When Paul tells the Corinthians, “Be imitators of me, as I am of Christ” (1 Cor. 11:1), he isn’t talking to men only. He’s talking to all of us. This means that we don’t have to knock our heads against a wall searching for obscure women in the biblical text that we can imitate, as if other women are our only designated mentors. We don’t have to try to draw elaborate conclusions and applications for our lives from a brief mention in one verse tucked away in Paul’s closing remarks, simply because it was about a woman. We can take that brief mention for what it is—helpful, important, instructive—but not the sum total of God’s Word for us.
No Smugness toward Any Part of the Bible
So what does this mean for the parts of the Bible that pertain to women? Are we above them now? No, we aren’t. Are they worth our focus, our study, our attention? Yes, they are. Imagine receiving a letter addressed to your family from an uncle. It begins, “Dear Family,” and goes on for five paragraphs. The sixth paragraph starts, “To my nieces.” We would give full attention to the whole letter, as some of the main points will be in the larger body. But we would give special attention to the parts written just to us. We must not elevate certain parts of the Bible over and above other parts. But God forbid we snigger in our sleeves while we put ourselves above those “silly girl” sections, having assigned them some kitschy name, and smugly disdain the women who take them seriously.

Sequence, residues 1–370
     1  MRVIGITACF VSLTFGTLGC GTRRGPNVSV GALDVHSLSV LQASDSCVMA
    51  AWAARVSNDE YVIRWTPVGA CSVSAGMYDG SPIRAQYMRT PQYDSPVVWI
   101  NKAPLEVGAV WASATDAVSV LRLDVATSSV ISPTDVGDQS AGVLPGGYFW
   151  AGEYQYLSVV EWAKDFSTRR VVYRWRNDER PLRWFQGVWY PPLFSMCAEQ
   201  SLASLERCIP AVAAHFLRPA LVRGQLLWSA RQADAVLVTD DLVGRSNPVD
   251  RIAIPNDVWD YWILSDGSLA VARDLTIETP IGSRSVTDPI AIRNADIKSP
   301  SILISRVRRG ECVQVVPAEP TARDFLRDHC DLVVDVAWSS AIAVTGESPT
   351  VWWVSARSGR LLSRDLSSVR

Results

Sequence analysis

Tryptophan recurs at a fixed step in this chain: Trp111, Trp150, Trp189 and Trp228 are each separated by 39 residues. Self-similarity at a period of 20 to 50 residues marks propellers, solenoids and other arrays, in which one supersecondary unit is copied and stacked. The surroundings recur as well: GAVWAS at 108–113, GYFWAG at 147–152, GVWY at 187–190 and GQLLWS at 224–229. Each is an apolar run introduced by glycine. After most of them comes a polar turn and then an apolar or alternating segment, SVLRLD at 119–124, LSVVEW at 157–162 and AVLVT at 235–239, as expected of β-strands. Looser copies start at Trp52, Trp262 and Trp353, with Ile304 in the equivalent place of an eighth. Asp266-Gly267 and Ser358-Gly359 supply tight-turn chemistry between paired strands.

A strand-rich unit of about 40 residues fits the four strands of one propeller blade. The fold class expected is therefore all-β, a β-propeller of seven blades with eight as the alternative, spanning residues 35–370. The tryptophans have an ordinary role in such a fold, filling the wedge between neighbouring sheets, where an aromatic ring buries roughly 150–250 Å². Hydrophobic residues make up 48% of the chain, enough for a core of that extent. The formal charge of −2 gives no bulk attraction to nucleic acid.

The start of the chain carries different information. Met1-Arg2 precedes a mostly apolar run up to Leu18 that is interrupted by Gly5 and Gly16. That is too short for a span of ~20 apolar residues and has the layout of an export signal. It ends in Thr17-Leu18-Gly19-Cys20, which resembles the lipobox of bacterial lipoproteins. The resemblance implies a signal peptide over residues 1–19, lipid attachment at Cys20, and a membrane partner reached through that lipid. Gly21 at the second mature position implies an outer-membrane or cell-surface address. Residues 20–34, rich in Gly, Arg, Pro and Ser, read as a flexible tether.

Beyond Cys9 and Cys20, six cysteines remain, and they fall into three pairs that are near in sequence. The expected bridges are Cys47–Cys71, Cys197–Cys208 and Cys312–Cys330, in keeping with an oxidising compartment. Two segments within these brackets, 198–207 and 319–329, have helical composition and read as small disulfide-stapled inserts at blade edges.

God has brought me back to those “women” sections with new eyes. Appreciative eyes. Humbled eyes. Eyes that can see them as part of the whole. They are not insignificant, nor are they to be plucked out and isolated from the rest. They are treasures; they are an integral, lovely aroma of Christ. So read good books on the Proverbs 31 woman with thankfulness. Study the women of the Old Testament. Embrace the feminine virtues as fully as you possibly can. But also read everything else. Read the commands given to all God’s people. Be awed by God’s work in Abraham and Moses and Joseph and David. See the types of Christ. Listen to the gospel again and again. Receive and obey it all, as the woman you are.
Women, we harm ourselves when we use the Bible as a how-to book on being a woman only rather than look to it to see our God and Savior, who teaches us all things. Yet to leave off the reality of being a woman, thinking we can submit to God without submitting to God’s very good creational order, wars against him. Both fundamental realities joined together are the parable that defines us. We have the privilege, the freedom, the endowment of being fully Christian and fully woman.
Content taken from (A)Typical Woman by Abigail Dodds, ©2019. Used by permission of Crossway, a publishing ministry of Good News Publishers, Wheaton, Il 60187, www.crossway.org.